The Lions will not be relegated from Super Rugby next year as the Southern Kings have accepted an offer from the South African Rugby Union (Saru) to postpone their inclusion.
According to reliable sources close to the negotiations between Saru and the Eastern Cape franchise, the Kings have agreed to delay their entry into the southern hemisphere regional competition, the toughest provincial competition in world rugby, in exchange for R40-million and guaranteed inclusion in the Currie Cup Premier Division from next year.
In January, Saru controversially announced that the Kings would participate in Super Rugby from next year.
The national rugby union have been back-pedalling ever since as it has emerged they were oblivious to the fact that the tournament cannot be expanded to accommodate a 16th team until the current broadcast deal expires.
The five-year deal, signed last year, is based on a 15-team format.
“Sanzar have sold the current structure of Super Rugby to broadcasters and commercial partners for the period ending December 31, 2015, so until then, expansion of the competition is not possible,” Sanzar (SA, New Zealand and Australia Rugby) chief executive Greg Peters said in February.
Under the agreement brokered by Saru, the Kings will join Super Rugby in 2016 when a new broadcast deal is tabled.
It appears that Saru are banking on winning the bid to field a sixth South African side (the Kings) to safeguard the future of the Lions.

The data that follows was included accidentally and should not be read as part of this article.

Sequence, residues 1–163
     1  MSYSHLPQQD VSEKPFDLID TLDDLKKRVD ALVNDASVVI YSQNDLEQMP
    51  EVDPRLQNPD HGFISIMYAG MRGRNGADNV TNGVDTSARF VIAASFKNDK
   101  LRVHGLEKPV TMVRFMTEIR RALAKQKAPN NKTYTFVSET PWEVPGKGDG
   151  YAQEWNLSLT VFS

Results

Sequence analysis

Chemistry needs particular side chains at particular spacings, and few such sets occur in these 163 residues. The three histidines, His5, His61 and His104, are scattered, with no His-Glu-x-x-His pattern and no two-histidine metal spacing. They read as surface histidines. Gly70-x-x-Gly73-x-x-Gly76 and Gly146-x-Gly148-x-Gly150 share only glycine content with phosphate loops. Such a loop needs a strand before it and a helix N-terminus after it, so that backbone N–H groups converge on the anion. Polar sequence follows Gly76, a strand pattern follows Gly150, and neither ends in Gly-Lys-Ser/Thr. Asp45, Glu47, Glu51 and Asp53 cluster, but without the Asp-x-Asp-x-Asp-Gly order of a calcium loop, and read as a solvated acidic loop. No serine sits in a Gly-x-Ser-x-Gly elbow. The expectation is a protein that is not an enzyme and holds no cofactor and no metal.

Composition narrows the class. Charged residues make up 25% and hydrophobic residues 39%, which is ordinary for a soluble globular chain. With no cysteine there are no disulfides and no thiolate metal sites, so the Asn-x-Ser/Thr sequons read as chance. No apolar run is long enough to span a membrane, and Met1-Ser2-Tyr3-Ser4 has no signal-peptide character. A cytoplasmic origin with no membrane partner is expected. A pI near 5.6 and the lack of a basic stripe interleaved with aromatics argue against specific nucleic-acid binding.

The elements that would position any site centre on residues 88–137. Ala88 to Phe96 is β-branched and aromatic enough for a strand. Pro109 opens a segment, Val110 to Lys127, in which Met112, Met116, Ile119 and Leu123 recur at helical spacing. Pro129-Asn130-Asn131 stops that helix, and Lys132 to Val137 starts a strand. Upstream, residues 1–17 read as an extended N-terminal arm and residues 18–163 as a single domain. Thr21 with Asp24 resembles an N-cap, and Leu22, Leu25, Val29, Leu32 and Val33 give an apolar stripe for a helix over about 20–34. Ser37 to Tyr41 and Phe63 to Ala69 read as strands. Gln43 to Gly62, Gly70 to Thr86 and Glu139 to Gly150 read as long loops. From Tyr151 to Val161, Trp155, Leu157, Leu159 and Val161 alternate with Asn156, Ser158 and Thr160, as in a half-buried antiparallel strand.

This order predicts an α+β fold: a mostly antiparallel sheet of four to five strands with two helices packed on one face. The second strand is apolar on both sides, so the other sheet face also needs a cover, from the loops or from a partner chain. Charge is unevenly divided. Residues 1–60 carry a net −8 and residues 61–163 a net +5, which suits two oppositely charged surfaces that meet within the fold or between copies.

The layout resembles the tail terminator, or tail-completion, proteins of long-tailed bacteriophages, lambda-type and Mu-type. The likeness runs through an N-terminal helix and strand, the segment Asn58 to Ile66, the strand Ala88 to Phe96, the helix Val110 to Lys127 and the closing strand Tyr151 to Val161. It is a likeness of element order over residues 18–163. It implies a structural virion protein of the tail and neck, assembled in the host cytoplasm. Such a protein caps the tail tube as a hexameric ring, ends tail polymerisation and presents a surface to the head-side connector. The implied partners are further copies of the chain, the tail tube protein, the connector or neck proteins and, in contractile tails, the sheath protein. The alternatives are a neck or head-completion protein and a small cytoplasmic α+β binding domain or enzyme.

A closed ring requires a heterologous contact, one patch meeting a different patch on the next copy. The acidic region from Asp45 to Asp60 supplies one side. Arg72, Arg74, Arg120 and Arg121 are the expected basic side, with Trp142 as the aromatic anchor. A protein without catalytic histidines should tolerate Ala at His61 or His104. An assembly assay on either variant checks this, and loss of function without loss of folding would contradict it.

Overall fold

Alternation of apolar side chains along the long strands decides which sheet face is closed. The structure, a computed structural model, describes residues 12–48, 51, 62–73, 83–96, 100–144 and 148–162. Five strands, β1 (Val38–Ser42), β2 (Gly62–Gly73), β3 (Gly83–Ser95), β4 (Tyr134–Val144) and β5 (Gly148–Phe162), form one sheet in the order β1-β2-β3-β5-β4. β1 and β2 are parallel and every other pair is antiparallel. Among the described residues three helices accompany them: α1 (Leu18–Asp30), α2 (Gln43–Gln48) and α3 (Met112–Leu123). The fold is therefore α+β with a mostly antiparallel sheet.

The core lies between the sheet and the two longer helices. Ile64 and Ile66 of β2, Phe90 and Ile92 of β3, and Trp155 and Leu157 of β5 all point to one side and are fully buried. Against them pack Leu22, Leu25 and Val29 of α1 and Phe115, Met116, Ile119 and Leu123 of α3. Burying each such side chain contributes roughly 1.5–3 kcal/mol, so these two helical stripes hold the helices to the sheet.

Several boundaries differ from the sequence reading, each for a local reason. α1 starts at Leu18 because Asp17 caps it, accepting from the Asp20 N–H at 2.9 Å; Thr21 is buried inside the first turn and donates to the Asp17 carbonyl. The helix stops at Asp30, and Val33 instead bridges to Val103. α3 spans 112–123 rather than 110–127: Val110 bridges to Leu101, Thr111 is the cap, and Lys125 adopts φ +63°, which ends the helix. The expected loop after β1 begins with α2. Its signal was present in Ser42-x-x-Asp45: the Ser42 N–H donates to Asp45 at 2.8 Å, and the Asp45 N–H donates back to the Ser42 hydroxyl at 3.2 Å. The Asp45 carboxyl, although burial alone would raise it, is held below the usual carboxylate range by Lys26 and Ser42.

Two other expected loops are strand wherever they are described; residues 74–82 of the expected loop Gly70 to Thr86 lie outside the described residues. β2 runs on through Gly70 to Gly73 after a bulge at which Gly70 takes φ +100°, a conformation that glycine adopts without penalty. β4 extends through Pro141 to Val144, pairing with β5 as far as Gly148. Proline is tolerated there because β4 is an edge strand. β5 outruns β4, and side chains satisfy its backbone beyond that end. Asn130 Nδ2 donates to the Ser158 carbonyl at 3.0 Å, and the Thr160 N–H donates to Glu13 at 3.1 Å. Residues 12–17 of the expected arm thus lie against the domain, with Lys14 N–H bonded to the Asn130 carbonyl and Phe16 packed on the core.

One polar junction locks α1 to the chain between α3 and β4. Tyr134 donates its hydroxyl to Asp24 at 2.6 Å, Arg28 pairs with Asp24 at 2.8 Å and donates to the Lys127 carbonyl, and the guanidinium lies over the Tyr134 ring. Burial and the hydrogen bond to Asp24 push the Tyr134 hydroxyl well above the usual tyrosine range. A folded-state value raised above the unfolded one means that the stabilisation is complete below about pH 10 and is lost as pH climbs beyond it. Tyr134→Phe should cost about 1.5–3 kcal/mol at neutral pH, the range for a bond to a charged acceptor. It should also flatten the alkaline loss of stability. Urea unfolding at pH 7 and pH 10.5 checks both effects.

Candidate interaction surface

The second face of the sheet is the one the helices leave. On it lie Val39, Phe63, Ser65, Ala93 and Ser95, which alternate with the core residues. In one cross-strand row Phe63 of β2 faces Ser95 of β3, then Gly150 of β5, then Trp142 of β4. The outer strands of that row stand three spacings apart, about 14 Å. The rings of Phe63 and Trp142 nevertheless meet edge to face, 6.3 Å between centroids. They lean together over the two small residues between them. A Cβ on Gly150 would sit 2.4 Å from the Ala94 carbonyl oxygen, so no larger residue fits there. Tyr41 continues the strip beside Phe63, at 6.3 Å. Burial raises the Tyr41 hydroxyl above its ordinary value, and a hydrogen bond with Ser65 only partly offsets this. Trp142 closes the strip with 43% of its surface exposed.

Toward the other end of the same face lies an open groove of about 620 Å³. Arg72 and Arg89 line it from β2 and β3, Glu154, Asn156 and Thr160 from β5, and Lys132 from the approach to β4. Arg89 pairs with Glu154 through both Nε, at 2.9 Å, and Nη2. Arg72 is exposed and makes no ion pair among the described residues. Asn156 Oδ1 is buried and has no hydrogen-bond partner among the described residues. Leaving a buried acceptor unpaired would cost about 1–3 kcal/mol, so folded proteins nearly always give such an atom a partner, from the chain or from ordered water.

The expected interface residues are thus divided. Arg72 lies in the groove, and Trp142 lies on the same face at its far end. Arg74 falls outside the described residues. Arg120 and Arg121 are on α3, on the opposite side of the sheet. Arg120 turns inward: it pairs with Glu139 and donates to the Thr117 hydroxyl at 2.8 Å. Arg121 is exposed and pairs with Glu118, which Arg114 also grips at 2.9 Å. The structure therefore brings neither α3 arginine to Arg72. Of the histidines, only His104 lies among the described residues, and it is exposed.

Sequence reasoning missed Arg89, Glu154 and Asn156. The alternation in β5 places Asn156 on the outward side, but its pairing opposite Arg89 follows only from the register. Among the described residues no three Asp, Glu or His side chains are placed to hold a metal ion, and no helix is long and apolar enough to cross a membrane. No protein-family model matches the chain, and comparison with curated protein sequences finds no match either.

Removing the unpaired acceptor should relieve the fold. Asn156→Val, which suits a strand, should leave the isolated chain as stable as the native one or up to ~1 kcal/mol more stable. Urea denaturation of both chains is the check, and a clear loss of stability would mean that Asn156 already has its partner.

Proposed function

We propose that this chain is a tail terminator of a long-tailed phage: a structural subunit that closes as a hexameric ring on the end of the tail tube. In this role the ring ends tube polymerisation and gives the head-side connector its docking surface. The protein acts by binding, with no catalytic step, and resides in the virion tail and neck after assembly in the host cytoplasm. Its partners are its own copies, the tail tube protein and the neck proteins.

Saru’s mystifying silence on the matter had given rise to the expectation that one of the current South African Conference contenders would be relegated at the end of this season.
And with the Lions languishing in last place, and Cheetahs chief executive Harold Verster having ruled out a possible merger between the teams, the Joburg franchise were deemed to be on the chopping block.
Such a development would likely tip the scales for the Lions, who are reportedly on the verge of bankruptcy and in the throes of a disciplinary investigation regarding suspended coach John Mitchell, who guided the team to the 2011 Currie Cup title.
It is believed that the Kings have been less successful in luring top-flight players to the region than they anticipated and, rather than suffer the embarrassment of being routed from the unforgiving front-lines of Super Rugby battle next year, they will use the cash injection and Currie Cup Premier League opportunity to prepare for their future promotion to the Sanzar competition. – Sunday Independent